Heart Attack (cont.)
IN THIS ARTICLE
Heart Attack Causes
Over time, plaque can build up along the course of an artery and narrow the channel through which blood flows. Plaque is made up of cholesterol buildup and eventually may calcify or harden, with calcium deposits. If the artery becomes too narrow, it cannot supply enough blood to the heart muscle when it becomes stressed. Just like arm muscles that begin to ache or hurt when heavy things are lifted, or legs that ache when you run too fast; the heart muscle will ache if it doesn't get adequate blood supply. This ache or pain is called angina. It is important to know that angina can manifest in many different ways and does not always need to be experienced as chest pain.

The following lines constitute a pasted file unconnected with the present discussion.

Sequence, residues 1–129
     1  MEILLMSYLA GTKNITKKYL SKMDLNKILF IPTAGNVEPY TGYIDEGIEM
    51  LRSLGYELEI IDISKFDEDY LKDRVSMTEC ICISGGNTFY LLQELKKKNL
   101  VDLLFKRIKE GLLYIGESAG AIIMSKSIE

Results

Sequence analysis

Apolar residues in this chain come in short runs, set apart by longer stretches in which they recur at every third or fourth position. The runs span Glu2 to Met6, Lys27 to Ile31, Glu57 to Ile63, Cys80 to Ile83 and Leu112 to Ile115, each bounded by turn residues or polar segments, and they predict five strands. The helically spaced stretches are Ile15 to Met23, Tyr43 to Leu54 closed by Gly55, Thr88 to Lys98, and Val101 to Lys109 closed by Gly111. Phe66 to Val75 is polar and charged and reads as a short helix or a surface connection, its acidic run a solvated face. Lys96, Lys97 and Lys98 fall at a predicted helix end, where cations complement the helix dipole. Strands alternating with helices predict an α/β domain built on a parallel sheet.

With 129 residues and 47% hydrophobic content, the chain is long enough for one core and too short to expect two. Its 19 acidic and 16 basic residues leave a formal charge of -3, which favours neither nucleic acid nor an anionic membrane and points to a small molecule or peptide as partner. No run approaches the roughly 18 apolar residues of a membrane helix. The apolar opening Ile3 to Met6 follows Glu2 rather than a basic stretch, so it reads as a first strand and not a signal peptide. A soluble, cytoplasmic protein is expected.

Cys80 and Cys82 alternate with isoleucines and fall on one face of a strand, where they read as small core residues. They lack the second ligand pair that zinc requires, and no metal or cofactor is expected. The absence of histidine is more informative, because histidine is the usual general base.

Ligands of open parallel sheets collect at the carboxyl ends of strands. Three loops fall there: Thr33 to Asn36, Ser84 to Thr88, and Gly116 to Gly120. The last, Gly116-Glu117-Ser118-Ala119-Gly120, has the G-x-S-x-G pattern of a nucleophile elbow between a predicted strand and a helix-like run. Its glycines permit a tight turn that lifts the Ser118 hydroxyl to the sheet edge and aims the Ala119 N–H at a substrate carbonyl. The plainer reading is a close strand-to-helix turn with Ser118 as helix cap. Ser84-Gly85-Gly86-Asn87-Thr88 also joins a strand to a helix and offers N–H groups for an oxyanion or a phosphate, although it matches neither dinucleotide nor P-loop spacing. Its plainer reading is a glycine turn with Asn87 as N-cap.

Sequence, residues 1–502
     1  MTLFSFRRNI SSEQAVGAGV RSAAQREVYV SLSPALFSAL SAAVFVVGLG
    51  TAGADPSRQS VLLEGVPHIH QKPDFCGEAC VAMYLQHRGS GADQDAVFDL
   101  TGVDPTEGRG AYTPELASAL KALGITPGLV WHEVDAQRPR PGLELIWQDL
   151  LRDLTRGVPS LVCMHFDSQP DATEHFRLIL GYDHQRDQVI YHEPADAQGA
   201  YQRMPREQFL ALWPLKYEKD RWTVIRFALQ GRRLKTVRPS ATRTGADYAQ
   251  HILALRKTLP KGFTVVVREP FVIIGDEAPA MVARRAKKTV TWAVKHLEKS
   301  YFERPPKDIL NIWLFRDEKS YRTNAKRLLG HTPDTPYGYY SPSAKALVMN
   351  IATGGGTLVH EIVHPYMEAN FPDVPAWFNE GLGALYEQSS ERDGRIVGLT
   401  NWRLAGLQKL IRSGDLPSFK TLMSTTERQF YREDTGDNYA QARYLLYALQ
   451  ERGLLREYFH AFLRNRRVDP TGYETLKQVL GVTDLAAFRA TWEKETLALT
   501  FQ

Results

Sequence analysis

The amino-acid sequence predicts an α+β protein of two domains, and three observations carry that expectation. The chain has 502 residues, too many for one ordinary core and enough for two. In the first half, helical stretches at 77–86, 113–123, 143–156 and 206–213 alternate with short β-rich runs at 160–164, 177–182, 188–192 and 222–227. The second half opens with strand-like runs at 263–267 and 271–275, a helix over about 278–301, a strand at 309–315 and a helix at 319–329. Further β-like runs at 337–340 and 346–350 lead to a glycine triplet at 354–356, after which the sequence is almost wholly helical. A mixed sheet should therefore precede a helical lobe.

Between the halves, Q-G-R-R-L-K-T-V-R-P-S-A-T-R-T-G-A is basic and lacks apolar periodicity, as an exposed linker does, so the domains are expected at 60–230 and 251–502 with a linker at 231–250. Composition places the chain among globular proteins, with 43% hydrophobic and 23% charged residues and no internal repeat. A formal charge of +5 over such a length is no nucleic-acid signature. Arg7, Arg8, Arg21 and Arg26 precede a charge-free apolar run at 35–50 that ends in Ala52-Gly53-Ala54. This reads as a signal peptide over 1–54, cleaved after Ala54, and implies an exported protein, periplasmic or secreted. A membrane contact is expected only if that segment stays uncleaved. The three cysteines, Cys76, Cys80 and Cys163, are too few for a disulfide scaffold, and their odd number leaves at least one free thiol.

If the plaque ruptures, a small blood clot can form within the blood vessel, acting like a dam and acutely blocking the blood flow beyond the clot. When that part of the heart loses its blood supply completely, the muscle dies. This is called a heart attack, or an MI - a myocardial infarction (myo=muscle +cardial=heart; infarction=death due to lack of oxygen).
Medically Reviewed by a Doctor on 2/25/2013
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